Not Dead, But Sleeping

\You can listen to this reflection here. Sunday’s gospel reading is here

Remember Jairus, the synagogue leader who fell at Jesus’ feet, begging him to come and heal his dying daughter? Imagine what he felt as Jesus stopped on the way, asked who had touched him, and then held a conversation with some woman. He must have been in agony – his little girl was at death’s door, no time to waste! Why wasn’t Jesus moving?

And then, as can happen, his worst fears were realized: While he was still speaking, some people came from the leader’s house to say, “Your daughter is dead. Why trouble the teacher any further?” But overhearing what they said, Jesus said to the leader of the synagogue, “Do not fear, only believe.” He allowed no one to follow him except Peter, James, and John, the brother of James. When they came to the house of the leader of the synagogue, he saw a commotion, people weeping and wailing loudly.

What Jairus didn’t know, what none of the people keening at his house knew, was that this story was not yet over. Jesus knew this little girl’s life was not ended, that she was deeply asleep, perhaps in a coma. When he had entered, he said to them, “Why do you make a commotion and weep? The child is not dead but sleeping.” And they laughed at him.
This story had a happy outcome. But what about when someone has really and finally died? We don’t know what Jesus knows. Are we to pray for healing in the face of what looks like death? Sometimes… maybe more often than we do. Death is a reality of life, yes, and the power of God to heal is very real and very strong when communities exercise faith. The community around Jairus only saw death; Jesus saw life. Then he put them all outside, and took the child’s father and mother and those who were with him, and went in where the child was. He took her by the hand and said to her, “Talitha cum,” which means, “Little girl, get up!” And immediately the girl got up and began to walk about (she was twelve years old).

Jesus’ voice, his power, his Spirit were able to reach her spirit, and her spirit responded to his command. And she got up and began to walk about – a mini-prefiguring of Jesus’ later resurrection.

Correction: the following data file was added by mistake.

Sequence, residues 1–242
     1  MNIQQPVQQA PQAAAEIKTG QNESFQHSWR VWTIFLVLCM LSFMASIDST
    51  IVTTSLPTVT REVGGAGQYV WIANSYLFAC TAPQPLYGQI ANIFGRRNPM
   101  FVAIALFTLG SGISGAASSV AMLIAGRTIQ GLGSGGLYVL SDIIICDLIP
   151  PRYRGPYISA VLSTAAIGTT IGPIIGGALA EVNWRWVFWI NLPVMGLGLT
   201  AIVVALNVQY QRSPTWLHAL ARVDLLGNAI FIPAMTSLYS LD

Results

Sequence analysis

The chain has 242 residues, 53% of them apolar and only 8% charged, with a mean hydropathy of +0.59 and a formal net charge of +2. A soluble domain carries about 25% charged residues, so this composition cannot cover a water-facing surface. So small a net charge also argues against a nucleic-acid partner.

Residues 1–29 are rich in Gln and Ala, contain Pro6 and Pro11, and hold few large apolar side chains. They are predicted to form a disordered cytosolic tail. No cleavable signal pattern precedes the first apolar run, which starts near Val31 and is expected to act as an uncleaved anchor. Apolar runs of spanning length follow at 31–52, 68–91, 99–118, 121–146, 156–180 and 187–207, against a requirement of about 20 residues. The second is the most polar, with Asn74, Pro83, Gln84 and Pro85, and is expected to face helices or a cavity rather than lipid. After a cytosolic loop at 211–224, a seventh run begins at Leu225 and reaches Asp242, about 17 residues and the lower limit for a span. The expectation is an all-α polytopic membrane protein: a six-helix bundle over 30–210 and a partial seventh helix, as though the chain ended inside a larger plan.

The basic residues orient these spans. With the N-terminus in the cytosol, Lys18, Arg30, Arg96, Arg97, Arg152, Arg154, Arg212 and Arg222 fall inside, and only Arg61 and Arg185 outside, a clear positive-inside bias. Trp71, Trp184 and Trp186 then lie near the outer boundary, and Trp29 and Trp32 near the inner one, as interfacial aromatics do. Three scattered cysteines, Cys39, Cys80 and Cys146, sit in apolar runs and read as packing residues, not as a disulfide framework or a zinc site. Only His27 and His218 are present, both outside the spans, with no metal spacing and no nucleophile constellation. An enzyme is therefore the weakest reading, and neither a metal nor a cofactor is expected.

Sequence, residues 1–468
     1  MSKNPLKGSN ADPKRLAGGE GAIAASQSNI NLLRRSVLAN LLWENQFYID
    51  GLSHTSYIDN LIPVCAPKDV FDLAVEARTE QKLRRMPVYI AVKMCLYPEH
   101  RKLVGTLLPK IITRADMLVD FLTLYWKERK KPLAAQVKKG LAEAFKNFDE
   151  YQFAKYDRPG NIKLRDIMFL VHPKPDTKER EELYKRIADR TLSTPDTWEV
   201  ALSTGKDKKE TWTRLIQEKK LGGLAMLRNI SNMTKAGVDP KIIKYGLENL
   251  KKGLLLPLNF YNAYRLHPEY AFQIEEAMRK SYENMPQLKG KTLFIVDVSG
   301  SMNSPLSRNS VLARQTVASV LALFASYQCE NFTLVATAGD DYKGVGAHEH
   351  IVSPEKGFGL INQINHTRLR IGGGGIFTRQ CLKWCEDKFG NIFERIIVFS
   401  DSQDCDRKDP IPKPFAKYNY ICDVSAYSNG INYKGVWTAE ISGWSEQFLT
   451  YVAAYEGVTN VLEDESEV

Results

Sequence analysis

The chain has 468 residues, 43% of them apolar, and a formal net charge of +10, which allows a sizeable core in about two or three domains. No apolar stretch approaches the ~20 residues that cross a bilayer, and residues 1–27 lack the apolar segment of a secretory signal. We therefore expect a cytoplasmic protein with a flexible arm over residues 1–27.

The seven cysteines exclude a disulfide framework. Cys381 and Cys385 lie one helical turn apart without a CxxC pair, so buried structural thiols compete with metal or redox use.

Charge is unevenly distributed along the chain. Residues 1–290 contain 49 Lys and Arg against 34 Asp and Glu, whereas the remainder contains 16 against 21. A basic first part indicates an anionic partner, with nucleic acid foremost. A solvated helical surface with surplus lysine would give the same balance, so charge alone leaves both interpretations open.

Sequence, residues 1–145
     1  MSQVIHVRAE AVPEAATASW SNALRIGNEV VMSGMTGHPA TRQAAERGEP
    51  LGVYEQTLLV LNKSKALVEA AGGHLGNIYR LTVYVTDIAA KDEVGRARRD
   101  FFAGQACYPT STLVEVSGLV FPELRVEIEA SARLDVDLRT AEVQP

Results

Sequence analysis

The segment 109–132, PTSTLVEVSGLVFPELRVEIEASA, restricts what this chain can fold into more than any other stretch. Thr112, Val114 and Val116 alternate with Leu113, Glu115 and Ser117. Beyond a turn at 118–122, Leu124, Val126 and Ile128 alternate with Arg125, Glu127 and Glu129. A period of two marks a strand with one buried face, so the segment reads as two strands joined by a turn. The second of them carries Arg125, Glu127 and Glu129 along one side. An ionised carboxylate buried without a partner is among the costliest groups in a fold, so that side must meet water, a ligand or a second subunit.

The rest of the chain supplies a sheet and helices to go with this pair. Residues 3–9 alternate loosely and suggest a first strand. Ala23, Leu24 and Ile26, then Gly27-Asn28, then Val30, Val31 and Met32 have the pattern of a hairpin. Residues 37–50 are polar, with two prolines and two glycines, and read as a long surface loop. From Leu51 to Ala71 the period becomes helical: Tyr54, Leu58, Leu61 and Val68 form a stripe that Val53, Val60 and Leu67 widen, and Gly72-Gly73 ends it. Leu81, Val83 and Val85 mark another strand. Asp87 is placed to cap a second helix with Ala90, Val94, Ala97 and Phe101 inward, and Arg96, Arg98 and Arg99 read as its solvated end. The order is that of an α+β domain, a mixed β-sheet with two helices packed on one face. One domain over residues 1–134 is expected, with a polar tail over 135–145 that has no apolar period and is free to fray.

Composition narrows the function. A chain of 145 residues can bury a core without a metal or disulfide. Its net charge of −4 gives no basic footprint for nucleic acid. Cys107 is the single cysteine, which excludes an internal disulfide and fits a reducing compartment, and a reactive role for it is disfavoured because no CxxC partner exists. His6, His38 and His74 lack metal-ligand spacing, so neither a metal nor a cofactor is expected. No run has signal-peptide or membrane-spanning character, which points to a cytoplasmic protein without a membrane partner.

We are called to see life, even in the face of death, in situations and communities as well as in the dying. At times, that life is in the people around the person dying; sometimes the dying revive. (More rarely, even the recently dead revive…) When someone we know is gravely ill, we can ask the Spirit how to pray. If we feel a sense that physical healing can happen, invite the healing stream of God’s love into that person. I specify “physical healing,” because sometimes the healing a person receives is spiritual, preparing them for life after death.

These are great mysteries – if we knew how to “work it,” we’d all be doing it, right? That’s why it’s called faith; we don’t get a road map or guarantees. But we walk forward anyway. We can agonize about how long Jesus seems to be taking, but in the end he knows. That’s all we can count on – he knows.

At the end of this story of two dramatic healings, Jesus is delightfully practical. Looking at the young girl now well and out of bed, he says simply, “Give her something to eat.” Because Life goes on.

© Kate Heichler, 2024. To receive Water Daily by email each morning, subscribe hereHere are the bible readings for next Sunday. Water Daily is also a podcast – subscribe to it here on Apple, Spotify or your favorite podcast platform.

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